- Cutting and removing slots between parts of the building to be demolished, while the other part remains intact.
Renovation: altering a facility or one or more facility components in any way, including the stripping or removal of Regulated Asbestos Containing Material (RACM) from a facility component.
Modern Demolition Practices
Typical equipment used for selective demolition work include the following:
- Skid-steer loader
- Small excavator
- Robotic excavators equipped with breakers and shears
- A wide variety of attachments for skid steer loaders and mini excavators
- Aerial lifts and scissors lifts
Hand Tools used in selective demolition include the following:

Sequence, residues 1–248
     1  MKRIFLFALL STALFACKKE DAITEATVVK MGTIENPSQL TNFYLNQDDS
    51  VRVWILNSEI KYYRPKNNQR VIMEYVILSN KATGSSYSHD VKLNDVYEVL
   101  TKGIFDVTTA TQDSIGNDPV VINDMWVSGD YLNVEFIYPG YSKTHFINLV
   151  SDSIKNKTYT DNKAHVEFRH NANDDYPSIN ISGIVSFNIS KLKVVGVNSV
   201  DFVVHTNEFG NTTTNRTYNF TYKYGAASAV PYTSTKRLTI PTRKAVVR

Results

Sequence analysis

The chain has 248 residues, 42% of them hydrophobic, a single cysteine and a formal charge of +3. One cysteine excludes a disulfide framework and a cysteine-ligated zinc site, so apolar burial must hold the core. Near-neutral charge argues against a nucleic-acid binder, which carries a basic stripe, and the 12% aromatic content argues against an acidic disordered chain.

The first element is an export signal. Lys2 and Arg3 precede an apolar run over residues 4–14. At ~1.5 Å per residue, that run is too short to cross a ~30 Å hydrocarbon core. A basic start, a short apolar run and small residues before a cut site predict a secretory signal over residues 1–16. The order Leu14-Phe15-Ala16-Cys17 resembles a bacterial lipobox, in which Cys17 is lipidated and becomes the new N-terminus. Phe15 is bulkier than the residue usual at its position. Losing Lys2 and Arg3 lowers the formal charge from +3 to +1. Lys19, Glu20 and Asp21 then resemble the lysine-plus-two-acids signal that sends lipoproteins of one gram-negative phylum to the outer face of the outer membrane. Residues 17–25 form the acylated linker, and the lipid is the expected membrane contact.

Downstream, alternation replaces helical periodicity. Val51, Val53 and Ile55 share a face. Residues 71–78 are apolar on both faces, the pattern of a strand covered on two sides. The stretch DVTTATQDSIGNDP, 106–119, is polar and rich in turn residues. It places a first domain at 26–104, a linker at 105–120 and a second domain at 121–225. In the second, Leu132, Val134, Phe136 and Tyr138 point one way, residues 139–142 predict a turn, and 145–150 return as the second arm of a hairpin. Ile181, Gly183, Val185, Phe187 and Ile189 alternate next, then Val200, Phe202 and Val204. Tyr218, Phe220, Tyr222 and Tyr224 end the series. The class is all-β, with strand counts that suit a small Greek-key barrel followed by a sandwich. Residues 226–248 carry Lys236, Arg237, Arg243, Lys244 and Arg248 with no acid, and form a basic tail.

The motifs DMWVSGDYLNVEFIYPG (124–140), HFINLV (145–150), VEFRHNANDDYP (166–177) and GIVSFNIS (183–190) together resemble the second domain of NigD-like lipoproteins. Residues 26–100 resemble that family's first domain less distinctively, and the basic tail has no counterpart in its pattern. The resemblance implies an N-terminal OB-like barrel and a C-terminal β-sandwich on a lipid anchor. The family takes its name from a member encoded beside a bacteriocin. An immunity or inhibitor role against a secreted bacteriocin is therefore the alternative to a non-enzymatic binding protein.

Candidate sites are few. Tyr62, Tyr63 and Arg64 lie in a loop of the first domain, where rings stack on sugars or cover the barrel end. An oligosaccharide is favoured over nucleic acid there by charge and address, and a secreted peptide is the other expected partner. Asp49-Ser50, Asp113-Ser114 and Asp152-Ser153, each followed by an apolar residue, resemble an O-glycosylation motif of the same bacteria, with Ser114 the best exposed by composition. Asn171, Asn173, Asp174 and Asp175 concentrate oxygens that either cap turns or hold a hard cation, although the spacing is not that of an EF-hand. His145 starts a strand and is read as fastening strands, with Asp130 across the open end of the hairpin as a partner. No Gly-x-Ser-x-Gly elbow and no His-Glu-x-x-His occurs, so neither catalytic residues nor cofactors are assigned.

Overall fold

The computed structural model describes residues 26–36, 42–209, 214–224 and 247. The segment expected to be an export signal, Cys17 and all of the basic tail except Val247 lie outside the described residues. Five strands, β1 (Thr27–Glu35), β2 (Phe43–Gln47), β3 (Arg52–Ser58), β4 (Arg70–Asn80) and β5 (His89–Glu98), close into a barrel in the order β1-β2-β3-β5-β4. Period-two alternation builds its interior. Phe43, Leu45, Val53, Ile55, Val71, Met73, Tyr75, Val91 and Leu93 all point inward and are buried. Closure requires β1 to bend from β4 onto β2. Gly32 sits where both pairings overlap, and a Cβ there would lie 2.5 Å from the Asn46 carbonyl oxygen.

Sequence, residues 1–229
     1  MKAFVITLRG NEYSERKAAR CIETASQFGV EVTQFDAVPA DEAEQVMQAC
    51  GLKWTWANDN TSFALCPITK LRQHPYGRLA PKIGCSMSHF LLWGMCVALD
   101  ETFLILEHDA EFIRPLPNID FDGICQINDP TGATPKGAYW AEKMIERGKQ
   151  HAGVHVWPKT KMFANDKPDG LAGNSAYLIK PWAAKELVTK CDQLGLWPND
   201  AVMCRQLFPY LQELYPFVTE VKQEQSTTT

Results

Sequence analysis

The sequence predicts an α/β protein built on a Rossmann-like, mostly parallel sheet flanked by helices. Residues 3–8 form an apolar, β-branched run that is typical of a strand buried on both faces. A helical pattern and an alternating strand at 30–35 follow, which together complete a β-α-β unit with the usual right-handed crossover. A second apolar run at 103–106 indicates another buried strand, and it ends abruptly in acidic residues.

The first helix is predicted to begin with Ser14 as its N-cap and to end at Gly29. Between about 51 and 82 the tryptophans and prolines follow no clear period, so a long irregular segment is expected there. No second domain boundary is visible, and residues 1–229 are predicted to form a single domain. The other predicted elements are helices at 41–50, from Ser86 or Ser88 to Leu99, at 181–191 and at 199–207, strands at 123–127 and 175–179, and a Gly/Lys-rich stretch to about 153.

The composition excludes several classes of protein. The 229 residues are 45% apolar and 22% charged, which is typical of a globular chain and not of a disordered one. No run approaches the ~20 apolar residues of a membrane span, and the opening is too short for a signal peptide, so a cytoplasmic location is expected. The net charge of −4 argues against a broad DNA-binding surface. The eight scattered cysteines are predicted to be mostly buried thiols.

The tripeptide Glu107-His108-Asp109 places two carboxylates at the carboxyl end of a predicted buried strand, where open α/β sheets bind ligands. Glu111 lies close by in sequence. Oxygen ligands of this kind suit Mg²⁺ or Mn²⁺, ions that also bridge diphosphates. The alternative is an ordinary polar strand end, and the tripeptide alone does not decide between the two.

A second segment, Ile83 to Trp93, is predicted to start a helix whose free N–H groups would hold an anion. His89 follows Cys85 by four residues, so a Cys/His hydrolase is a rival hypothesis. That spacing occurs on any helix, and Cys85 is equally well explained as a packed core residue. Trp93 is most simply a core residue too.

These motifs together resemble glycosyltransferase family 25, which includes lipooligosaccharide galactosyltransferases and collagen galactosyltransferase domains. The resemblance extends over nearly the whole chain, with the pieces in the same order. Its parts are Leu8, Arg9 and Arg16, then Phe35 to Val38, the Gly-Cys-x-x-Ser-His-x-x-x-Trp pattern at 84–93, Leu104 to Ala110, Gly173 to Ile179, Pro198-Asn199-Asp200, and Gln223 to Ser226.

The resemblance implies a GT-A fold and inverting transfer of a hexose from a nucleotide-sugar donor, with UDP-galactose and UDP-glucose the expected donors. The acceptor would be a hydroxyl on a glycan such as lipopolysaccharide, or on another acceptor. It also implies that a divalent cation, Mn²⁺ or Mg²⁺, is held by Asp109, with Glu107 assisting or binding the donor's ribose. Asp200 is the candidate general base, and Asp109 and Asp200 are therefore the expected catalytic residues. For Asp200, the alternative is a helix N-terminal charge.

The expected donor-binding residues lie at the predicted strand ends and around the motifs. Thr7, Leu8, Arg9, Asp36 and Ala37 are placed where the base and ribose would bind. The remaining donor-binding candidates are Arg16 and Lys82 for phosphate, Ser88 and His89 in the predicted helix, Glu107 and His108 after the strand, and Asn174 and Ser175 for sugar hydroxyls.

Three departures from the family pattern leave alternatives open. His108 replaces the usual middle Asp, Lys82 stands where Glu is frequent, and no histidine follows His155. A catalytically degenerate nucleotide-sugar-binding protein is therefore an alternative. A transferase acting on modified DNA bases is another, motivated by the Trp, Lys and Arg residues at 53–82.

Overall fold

- Abrasive and reciprocating saws
- Pneumatic tools such as pavement breakers and chipping guns
- Concrete saws
- Chain saws
In the past, the salvage of building materials was the primary purpose for most early demolition efforts. The term "salvage" takes several forms, and the more important types and methods of salvaging are shown below. The values of salvage sales to the demolition contractor can represent a significant portion of his or her income stream, and allow for increased competitiveness if he or she is reasonably accurate in the assessment of the salvage values for a particular job.
- Equipment Salvage-industrial buildings in particular as well as some modern commercial buildings, may contain useable equipment such as boilers, air conditioning systems, heat exchangers, tanks, electrical switchgear, motors, pumps, and a wide variety of industrial process equipment. Usually, these types of salvage are carefully removed by the demolition contractor prior to beginning tear down operations.